We all have some hard-earned experience, either directly or indirectly, to help understand the nature of a disaster. Whether man-made or natural, we’ve learned the aftermath of an event usually has wide-ranging and long-lasting impacts. We’ve observed Hurricane Katrina, and recently experienced Hurricane Irene, Super-Storm Sandy, the Halloween snowstorm, and a 40-inch blizzard. We’ve seen cars from neighboring states lined up at gasoline stations in our towns. We now know that full-scale mobilization and deployment of outside resources takes days. And many of us are now all too familiar with methodology used by electric utilities to prioritize and schedule the restoration of power.
Preparedness plans need to consider the possibility of in-place isolation for our families, including the possibility that family members may be dispersed and unable to return home. In the event of severe storms, that isolation could be for an extended period of time. Safety experts warn that we should be prepared to survive for 72 hours without assistance.
Seventy two hours is a long time when the basics of modern-living are unavailable. There are some readily apparent needs, such as food, water, light, medications, and the ability to cook. To develop a comprehensive plan, you should really think through what it will be like, who will need what, and how basic necessities will be provided.
While every family will have different needs, here is a list to help you get started:
- Extra clothing, including sturdy shoes and work gloves
- Cooking supplies: a small barbecue or camp stove and fuel; plates, and utensils
- Food: a large supply of canned and packaged goods; replace periodically to ensure freshness
- Manual can opener: Try it out if it’s unfamiliar
- Water: one gallon per person per day; replace periodically
- First aid kit: include prescription drugs; replace prior to expiration dates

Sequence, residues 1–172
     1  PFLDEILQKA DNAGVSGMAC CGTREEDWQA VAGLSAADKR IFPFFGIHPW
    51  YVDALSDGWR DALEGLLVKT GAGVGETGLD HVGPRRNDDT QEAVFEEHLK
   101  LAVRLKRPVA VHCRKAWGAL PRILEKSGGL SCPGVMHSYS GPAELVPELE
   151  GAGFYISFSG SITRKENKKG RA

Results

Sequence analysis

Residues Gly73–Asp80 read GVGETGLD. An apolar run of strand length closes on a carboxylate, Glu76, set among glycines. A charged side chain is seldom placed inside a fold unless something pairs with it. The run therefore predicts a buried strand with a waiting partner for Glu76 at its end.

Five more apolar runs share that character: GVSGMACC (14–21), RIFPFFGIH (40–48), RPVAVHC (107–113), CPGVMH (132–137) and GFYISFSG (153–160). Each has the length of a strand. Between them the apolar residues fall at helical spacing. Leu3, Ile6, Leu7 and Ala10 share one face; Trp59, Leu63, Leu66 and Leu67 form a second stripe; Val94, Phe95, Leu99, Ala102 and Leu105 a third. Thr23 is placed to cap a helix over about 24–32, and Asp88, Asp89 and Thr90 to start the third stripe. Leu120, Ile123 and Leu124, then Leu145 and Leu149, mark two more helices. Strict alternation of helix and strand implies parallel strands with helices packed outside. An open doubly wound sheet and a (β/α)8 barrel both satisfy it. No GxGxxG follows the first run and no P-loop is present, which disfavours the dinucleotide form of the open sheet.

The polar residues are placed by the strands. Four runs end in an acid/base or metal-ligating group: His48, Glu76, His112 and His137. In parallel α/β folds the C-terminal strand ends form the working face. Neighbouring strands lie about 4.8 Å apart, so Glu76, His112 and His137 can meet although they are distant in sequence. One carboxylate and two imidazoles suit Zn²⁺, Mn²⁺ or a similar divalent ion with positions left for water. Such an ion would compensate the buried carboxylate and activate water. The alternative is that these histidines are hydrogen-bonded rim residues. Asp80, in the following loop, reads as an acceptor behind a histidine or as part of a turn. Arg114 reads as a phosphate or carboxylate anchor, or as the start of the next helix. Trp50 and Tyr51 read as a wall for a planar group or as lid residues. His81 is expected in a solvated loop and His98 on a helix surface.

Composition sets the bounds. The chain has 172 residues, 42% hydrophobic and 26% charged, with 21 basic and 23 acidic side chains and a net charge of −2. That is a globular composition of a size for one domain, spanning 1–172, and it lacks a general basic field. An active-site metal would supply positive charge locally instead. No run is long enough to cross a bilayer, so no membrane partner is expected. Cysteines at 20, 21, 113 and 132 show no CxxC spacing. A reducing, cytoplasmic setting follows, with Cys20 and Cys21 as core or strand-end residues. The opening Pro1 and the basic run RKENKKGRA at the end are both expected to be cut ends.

- Sleeping bags or blankets
- Flashlights with batteries or other power source
- Portable radio with batteries or other power source
- Fire extinguisher with at least a rating of 1A10BC
- Large trash bags to keep supplies dry (and for trash)
- Liquid detergent, feminine and infant supplies, and toilet paper
Beyond the essentials, don’t forget to include items that will entertain the entire family. There isn’t likely to be any Swiss Family Robinson-esqe romance that turns this adversity into an adventure; boredom is the more likely outcome. If you have children, enlist their help in shopping for and storing these supplies. Older children should know where these items are stored.
Create and Practice Your Plan
Everyone in your household should know what to do after an emergency — and that means you need to put together a plan ahead of time.
- Map out and practice escape routes from your house.
- Establish a local, neighborhood rendezvous point.
- In the case of family-member dispersion, establish an out-of-neighborhood rendezvous point.
- Establish how to contact each other. Pick a third party outside of your geographic area to be a central telephone contact.
- Remember to check in promptly. While you may still have battery left on your cellphone, most cell towers will run out of battery power within a few hours of losing commercial power.
Other scenarios include the possibility of being evacuated from your home; either due to storm-related conditions, post-storm safety concerns, or damage to your home. While we tend to have advanced warning of potential storms in our area, there are scenarios where the need to evacuate might be sudden and immediate. Consider creating “go-kits” that contain the items you will need for an extended time away from home. Important papers, policies, and documents (as well as cash) should be a part of the kits, too.
Practice Your Plan
Your planning is not complete until everyone knows his or her part. Set time aside to talk about your disaster plan with the entire household. Hold a disaster drill at an unexpected time and see how everyone does.
If your child comes home from school with an assignment around disaster planning for his or her family, take it seriously. Involve the children, and use the opportunity to develop or improve your household plan.